Build and Handling

Panasonic Lumix DMC-CM1 Review – Build and Handling

Panasonic-Lumix-DMC-CM1-topWhen the camera is switched off, the CM1 measures 135.4 x 68 x 15.2mm, making it slimmer in comparison to its nearest hybrid device competition, Samsung’s Galaxy K Zoom and the Galaxy Camera 2. Compared with other flagship Android devices, the CM1 is shorter and slimmer in width, although at 204g it is a touch heavier, but by no means as hefty as the 283g Galaxy Camera 2.

Panasonic has used a leather-print plastic on the face of the camera, which looks great but feels a touch cheap and does nothing to improve the gripping area. A more rubberised/textured surface would have worked better. Alternatively, the company could have used a small raised strip of rubber, placed where fingers naturally fall when shooting. There’s one other small issue that troubled me about the CM1: it has no tripod thread. I can’t actually think of a camera that doesn’t have a tripod thread, so given that Panasonic is calling this device a camera, it’s an obvious omission.Panasonic-Lumix-DMC-CM1-front-fw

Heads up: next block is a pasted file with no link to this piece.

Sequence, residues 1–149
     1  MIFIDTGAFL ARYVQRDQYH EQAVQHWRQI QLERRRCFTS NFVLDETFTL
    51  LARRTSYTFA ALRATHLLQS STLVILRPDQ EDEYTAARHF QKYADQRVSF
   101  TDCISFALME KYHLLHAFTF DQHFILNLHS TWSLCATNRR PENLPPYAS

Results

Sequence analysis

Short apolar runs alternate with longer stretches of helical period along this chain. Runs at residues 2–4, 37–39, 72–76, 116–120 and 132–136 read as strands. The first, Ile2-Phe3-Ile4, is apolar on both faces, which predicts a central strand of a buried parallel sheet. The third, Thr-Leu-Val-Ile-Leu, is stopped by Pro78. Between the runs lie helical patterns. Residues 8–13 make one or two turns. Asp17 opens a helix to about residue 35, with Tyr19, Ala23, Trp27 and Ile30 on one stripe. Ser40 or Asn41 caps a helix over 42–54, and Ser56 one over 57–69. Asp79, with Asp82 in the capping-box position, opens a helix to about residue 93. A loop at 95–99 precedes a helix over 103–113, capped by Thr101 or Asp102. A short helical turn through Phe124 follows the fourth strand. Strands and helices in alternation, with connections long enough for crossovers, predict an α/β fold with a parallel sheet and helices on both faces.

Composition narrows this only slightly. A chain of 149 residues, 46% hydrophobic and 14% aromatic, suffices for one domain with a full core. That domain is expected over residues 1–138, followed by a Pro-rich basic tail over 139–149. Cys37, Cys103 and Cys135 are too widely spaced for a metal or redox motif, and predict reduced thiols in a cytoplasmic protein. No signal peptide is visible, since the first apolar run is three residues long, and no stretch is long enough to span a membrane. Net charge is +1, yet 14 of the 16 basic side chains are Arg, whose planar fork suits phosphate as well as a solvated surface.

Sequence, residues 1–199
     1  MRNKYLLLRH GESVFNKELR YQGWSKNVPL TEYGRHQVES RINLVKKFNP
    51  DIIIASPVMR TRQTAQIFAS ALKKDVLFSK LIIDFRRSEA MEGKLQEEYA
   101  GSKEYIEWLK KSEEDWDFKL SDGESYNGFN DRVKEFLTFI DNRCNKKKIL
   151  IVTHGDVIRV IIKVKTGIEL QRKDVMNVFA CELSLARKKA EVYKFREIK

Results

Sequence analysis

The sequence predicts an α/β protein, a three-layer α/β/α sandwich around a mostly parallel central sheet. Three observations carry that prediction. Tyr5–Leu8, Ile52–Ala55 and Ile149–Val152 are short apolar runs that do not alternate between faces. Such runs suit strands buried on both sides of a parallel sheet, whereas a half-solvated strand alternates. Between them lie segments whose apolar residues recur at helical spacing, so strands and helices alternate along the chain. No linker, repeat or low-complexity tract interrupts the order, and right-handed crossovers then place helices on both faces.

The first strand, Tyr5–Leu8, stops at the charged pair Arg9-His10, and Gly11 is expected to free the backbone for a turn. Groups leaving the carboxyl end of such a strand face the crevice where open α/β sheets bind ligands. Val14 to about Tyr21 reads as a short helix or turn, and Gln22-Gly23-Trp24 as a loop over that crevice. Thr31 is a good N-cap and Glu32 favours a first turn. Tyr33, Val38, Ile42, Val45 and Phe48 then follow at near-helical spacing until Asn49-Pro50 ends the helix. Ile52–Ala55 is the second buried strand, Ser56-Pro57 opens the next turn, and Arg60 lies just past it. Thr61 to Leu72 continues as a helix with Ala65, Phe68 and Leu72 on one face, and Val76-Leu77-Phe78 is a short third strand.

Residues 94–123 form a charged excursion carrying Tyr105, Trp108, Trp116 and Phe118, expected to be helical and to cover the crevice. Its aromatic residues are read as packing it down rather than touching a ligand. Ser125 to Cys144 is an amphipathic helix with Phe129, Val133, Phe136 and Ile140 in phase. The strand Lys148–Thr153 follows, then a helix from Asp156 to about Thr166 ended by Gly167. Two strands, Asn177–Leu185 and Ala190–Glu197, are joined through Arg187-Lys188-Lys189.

Additionally, there are a couple of physical weak points where it feels as if some corner-cutting may have taken place in order to keep down the camera weight and the cost of production, such as the Micro USB port covering, as well as the nano sim card slot mechanism and its covering. All feel vulnerable to repeated use, and my SIM managed to catch on to the inside of my sample, damaging the tray in which the card sits. As a word of warning, I would recommend caution when inserting and removing a sim card.

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